Researchers sequenced octopus genomes and discovered alien DNA. See Example( s )
Collected via e-mail and Twitter, June 2016
I have seen multiple sites post that scientists don't know where octopus DNA came from, and there is nothing else like them on Earth, that they can't trace the evolutionary chain and theorize that they are alien or of e.t. origins.
Recent scientific research shows that Octopus and Squids have "Alien" DNA. Should we step up our consumption?... https://t.co/gzyuJR2eP0— Gannet Fishmongers (@GannetFish) June 19, 2016
In June 2016, a number of web sites reported that a study examined octopus DNA and discovered it was either “alien” or “from space”:
The DNA of octopus may not be from this world, scientists revealed. The new study concluded that octopuses actually have alien DNA!
According to the study published in the journal Nature, octopuses have a genome that yields an unprecedented level of complexity, composed of 33,000 protein-coding genes. This number is way beyond the number that can be found in a human being.
Other dubious outlets made similar assertions, claiming that the study showed beyond a doubt that octupuses don’t come from the planet Earth:
Now, it seems as if aliens always existed amongst us, but we never knew it! If a new study is to be believed, Octopuses are actually aliens!
The study concluded that octopuses have “alien” genes and more probing from the marine biologists can reveal more breakthroughs. The world is still so vast and we only knew half of what is really out there!
A new study has led researchers to conclude that Octopuses (NOT Octopi) have Alien DNA. Their genome shows a never-before-seen level of complexity with a staggering 33,000 protein-coding genes identified, more than in a human being.
US researcher Dr. Clifton Ragsdale, from the University of Chicago, said: The octopus appears to be utterly different from all other animals, even other molluscs, with its eight prehensile arms, its large brain, and its clever problem-solving abilities.
“The late British zoologist Martin Wells said the octopus is an alien. In this sense, then, our paper describes the first sequenced genome from an alien.”
The first article linked directly to the study, which contained no reference to aliens or space:
Coleoid cephalopods (octopus, squid and cuttlefish) are active, resourceful predators with a rich behavioural repertoire. They have the largest nervous systems among the invertebrates and present other striking morphological innovations including camera-like eyes, prehensile arms, a highly derived early embryogenesis and a remarkably sophisticated adaptive colouration system. To investigate the molecular bases of cephalopod brain and body innovations, we sequenced the genome and multiple transcriptomes of the California two-spot octopus, Octopus bimaculoides. We found no evidence for hypothesized whole-genome duplications in the octopus lineage. The core developmental and neuronal gene repertoire of the octopus is broadly similar to that found across invertebrate bilaterians, except for massive expansions in two gene families previously thought to be uniquely enlarged in vertebrates: the protocadherins, which regulate neuronal development, and the C2H2 superfamily of zinc-finger transcription factors. Extensive messenger RNA editing generates transcript and protein diversity in genes involved in neural excitability, as previously described, as well as in genes participating in a broad range of other cellular functions. We identified hundreds of cephalopod-specific genes, many of which showed elevated expression levels in such specialized structures as the skin, the suckers and the nervous system.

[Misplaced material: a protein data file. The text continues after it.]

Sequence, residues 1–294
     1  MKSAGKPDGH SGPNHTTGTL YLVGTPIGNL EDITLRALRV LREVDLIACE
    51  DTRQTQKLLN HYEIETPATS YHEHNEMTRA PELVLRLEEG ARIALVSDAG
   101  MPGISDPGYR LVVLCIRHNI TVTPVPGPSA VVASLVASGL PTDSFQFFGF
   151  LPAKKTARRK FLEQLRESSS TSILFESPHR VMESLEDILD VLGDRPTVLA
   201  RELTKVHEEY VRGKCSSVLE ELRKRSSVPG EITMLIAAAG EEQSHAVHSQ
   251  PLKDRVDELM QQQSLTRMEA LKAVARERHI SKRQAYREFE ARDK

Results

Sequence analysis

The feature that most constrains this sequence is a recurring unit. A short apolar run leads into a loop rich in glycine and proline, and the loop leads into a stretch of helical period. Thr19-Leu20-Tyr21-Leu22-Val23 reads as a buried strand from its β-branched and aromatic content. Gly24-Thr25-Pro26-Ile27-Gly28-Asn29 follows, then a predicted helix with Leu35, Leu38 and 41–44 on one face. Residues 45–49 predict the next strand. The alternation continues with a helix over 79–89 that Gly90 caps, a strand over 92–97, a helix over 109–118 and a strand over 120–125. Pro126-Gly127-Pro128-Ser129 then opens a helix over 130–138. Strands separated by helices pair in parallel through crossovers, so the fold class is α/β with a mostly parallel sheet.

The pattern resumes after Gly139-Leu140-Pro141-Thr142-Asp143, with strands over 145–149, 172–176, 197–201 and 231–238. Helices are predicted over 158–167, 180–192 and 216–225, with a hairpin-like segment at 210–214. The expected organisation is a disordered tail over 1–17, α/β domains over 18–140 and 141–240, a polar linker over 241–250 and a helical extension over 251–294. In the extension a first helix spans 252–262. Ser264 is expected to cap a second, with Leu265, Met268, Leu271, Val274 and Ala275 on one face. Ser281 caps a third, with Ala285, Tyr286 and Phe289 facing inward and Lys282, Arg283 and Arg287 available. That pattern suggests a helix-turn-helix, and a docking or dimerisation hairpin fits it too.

The study wasn’t published in June 2016, or 2016 at all, but August 2015. It’s unclear why multiple web sites suddenly picked up and ran with a completely erroneous interpretation nearly a year after it appeared. The “alien” angle appears to have originated with a press release, which (like the study) was published in 2015:
“The octopus appears to be utterly different from all other animals, even other molluscs, with its eight prehensile arms, its large brain and its clever problem-solving capabilities,” said co-senior author Clifton Ragsdale, associate professor in Neurobiology and Organismal Biology and Anatomy at the University of Chicago. “The late British zoologist Martin Wells said the octopus is an alien. In this sense, then, our paper describes the first sequenced genome from an alien.”
It was clear that Ragsdale meant that the octopus was an alien metaphorically, not literally. But, as is often the case, a number of outlets seized upon the use of the word to spin up stories without first reviewing the source material:
Yesterday, a number of sites started running stories that seemed to imply that octopuses are aliens. As in, from outer space (?). The Yahoo! News headline ran with Octopus genetic code reveals ‘alien creature’; over at the Mirror, they were having a field day with Octopus genetic code is so strange it could be an ALIEN, according to scientists; and the Irish Examiner proudly proclaimed, Don’t freak out, but scientists think octopuses ‘might be aliens’ after DNA study.
The words “alien,” “space,” or even “Earth” didn’t appear in the August 2015 study of octopus gene sequencing. However, a tongue-in-cheek remark made later by one researcher was widely taken out of context to suggest otherwise.